Would you be open to working overseas?

“It is something I have thought about. Yes, I have a curiosity, but I also know that jobs are hard to get, and I also think that there is more I want to seek out in Australia first. When opportunities come up, I’m a big believer in taking them, even if you feel scared by it. It is still scary to have any kind of change, and I wouldn’t discount it in the future.”

What does an average Sunday look like? 

“You are usually recovering, but I would say that my favourite kind of Sunday would be a slow morning. Waking up, having a coffee on the couch. I just love hanging out with the people that I have become very close to here. I am really lucky to say that I have gained some beautiful friends and people I know will be in my life forever. Whether that is them coming over for a brunch or we are just hanging out, that is probably my ideal Sunday. If not that, then basically just being a couch potato!”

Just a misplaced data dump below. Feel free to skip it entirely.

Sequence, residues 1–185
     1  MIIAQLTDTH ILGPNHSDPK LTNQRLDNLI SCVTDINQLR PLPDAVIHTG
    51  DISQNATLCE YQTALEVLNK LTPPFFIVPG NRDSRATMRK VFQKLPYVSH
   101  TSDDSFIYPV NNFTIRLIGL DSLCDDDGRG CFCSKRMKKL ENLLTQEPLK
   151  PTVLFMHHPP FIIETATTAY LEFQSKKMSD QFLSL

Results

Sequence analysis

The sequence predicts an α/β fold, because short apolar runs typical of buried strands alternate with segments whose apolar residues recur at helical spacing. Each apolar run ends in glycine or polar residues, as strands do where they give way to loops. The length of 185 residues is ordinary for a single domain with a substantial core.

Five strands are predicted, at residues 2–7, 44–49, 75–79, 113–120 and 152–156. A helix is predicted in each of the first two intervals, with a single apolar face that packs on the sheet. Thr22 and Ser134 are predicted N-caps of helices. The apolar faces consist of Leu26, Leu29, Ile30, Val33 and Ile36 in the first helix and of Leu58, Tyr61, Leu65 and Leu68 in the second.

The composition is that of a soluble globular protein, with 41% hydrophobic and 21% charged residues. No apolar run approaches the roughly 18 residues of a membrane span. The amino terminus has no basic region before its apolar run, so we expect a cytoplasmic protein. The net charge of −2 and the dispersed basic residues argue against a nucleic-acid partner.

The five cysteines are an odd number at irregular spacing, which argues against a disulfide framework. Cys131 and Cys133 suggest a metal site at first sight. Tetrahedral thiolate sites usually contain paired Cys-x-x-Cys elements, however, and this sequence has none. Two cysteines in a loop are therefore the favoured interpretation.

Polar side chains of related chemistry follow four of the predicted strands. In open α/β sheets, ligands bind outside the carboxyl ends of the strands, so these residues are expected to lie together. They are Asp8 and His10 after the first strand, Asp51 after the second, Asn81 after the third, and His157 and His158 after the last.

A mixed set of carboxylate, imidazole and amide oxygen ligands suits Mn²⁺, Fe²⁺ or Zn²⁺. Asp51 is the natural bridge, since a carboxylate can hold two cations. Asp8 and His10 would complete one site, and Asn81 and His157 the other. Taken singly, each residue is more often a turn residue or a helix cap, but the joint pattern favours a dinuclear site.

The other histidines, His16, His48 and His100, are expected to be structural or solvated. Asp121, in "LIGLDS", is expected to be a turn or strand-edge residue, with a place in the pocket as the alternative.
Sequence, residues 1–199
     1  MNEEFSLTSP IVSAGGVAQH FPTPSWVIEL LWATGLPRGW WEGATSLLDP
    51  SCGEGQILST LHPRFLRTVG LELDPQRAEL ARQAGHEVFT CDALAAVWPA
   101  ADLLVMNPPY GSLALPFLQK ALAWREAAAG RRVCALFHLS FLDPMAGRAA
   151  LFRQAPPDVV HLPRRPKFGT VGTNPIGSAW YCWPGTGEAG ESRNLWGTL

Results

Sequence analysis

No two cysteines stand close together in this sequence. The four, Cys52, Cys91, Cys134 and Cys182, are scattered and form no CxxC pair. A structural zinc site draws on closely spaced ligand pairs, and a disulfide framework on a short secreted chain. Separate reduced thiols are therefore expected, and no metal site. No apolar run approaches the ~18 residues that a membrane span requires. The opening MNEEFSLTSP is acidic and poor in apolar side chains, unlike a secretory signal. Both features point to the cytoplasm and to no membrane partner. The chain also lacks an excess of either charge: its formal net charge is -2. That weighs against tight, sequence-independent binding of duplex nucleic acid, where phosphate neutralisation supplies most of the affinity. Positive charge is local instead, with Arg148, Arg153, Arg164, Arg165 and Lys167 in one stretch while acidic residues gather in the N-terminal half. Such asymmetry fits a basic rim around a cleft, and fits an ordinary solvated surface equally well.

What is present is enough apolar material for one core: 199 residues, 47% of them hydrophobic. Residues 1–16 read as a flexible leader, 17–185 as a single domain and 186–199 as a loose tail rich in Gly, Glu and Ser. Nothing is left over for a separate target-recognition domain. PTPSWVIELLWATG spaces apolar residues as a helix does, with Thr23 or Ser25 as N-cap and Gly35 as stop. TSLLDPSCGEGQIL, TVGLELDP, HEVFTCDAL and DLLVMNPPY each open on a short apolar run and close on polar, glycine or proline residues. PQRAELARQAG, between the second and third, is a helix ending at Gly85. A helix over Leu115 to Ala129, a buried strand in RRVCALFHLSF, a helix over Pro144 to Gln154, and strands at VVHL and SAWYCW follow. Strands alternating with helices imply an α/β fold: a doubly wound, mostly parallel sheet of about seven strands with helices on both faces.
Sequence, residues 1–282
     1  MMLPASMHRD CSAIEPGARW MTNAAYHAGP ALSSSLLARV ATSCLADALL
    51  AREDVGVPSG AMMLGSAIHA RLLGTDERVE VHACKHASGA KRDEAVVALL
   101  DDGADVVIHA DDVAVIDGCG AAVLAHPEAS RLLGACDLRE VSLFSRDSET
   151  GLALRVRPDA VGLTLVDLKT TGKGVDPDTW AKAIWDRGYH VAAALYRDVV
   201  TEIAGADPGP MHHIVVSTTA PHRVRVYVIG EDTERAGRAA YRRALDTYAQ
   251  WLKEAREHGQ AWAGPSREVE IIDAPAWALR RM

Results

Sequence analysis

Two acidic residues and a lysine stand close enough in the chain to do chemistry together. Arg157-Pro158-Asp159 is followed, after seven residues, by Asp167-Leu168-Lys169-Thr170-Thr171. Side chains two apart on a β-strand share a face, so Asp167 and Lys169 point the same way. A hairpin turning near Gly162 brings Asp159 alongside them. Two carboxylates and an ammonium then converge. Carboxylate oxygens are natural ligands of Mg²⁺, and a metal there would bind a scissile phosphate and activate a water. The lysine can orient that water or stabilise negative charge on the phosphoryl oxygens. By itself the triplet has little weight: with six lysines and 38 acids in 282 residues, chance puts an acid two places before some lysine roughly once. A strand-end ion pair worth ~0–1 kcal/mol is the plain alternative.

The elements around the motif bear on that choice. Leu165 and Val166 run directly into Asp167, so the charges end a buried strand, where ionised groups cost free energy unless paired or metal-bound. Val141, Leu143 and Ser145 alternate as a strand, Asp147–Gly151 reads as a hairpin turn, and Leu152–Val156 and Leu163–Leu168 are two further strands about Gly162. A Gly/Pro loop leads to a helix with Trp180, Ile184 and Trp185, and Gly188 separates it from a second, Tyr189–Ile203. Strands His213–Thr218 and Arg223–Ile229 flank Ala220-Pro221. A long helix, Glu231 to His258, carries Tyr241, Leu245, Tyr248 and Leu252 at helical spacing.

Heathcote adds that while she has not indulged in the recent season of The Bachelor, she is watching The Crown. When asked what kind of music she likes, she admitted she does not listen to Taylor Swift. (“Sorry to the Swifties,” she laughs.) The last concert she attended was London Grammar, she thinks. “It was so long ago. I would really like to see more live music than I do. My brother is a musician, so maybe he will take me to gigs in Melbourne.” 

On that note, Heathcote returns to writing her own story and packing up her life in Brisbane. 

By Rebecca Martin of Dance Informa.